Having assessed their organization’s current state of digital readiness, manufacturing leaders can develop a roadmap for digital transformation that sets goals, priorities and timelines for deploying digital initiatives. This roadmap, with timebound tasks and responsible owners, focuses on objectives and avoids wasting resources on initiatives that do not align with business goals.

It is often the case that organizations throw themselves into adopting new technology and systems without necessarily considering how it supports the overall business strategy. A shiny new digital system powered by artificial intelligence might seem like a worthwhile investment but is unlikely to deliver a return on investment if it does not address a key operational need or challenge.

3.  Collaborate with partners across the value chain
Customers, suppliers and service providers should be collaborators – looking at what other organizations are doing to become more digital can provide useful insight and experience. Manufacturing companies can collaborate with partners across the value chain to share data, expertise, and best practices to help them identify new opportunities for growth and innovation. They can also look beyond their own industry for inspiration and knowledge.

4.  Invest in talent development
One of the key reasons firms can struggle to adopt digital is because their teams are not ready to do so. Much of this comes down to attitude, and feeling safe experimenting with new systems without worrying that they will be replaced. Helping employees to feel confident about digital systems and emergent technologies is part of the battle. A company that has had great success with digital adoption on the shop floor has worked to shift roles from operators to optimizers. It is essential to ensure employees have the right skills and knowledge to succeed in a digital environment. This starts with leaders who demonstrate the behaviors and skills required, and with digital champions who help their colleagues to build familiarity. Providing training programs, hiring new talent with digital skills, and partnering with educational institutions to develop new curricula can help to drive towards a digitally savvy workforce.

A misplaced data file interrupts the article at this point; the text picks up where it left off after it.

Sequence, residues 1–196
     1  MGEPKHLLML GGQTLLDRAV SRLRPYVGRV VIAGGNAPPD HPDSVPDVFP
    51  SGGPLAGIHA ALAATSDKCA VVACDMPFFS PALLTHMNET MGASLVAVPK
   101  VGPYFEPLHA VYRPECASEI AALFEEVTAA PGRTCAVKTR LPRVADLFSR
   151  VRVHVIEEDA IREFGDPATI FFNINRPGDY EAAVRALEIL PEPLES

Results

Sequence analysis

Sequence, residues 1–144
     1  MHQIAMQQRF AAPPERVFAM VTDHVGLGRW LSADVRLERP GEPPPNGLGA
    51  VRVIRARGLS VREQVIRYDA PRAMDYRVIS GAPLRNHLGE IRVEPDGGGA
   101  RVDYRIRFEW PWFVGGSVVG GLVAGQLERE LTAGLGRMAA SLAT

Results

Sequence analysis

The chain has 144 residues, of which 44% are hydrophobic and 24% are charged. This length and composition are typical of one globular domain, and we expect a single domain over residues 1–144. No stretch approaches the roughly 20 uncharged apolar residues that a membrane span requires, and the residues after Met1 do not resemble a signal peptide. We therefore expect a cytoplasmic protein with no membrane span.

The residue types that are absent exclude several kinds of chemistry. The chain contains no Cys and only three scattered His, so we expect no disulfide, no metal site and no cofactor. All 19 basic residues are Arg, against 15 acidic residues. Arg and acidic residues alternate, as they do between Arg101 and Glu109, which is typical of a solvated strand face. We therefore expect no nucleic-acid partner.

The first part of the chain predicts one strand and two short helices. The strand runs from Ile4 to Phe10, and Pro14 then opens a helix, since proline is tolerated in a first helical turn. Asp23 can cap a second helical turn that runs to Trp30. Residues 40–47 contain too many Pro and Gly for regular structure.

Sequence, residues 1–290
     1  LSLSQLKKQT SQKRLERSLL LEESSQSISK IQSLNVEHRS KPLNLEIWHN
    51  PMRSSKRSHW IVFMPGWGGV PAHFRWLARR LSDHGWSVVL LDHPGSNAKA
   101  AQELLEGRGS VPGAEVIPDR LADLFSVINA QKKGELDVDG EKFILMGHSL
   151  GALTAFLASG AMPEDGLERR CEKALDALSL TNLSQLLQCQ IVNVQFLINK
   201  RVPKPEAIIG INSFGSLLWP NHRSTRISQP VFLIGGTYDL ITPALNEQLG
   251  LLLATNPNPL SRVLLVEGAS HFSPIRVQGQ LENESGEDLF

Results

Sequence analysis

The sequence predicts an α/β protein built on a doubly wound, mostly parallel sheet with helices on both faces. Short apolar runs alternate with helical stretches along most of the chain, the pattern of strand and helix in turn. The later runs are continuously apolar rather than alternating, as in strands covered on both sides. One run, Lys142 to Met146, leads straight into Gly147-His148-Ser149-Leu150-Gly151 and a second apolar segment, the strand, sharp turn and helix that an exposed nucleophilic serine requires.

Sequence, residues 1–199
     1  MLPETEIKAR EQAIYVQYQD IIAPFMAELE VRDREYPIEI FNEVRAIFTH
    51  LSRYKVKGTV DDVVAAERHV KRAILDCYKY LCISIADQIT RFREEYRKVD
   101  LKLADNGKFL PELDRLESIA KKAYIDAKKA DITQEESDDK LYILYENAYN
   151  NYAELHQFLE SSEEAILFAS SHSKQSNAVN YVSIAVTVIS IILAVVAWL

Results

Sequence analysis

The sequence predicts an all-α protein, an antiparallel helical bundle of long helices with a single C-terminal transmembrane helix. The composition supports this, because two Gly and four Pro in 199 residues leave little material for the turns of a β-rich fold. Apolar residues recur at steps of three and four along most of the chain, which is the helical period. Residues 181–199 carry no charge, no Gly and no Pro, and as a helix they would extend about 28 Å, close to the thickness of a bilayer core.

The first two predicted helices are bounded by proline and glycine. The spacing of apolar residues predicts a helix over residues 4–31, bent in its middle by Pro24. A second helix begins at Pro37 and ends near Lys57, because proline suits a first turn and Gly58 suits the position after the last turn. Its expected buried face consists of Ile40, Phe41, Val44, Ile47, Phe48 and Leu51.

“By automating repetitive tasks, manufacturers can free up their employees to focus on more complex tasks that require human skills”


5.  Prioritize cyber security
More digital assets mean a greater threat of compromise (malicious or unintentional) of IT/OT systems leading to potential to manufacturing disruptions, faulty planning and management decisions, quality issues, compliance violations or damaged business partner relationships. Conducting regular cyber security audits can flag any potential risks before they become issues and inform proactive measures to limit the negative impact. Manufacturing companies can also partner with cyber security experts to develop a comprehensive strategy.

Manufacturing organizations face myriad strategic and operational challenges; however, charting a path to digital is critical to remaining competitive and thriving in the future. Technical debt and resistance to change must be tackled head on to achieve a successful digital future. Additionally, recognizing and addressing the expanded exposure to IT/cyber risk via digital and accelerated dynamics of talent development is critical to a sustainable digital future.  M

About the Authors:


Michael Platz is a Supply Chain and Manufacturing Operations Expert at PA Consulting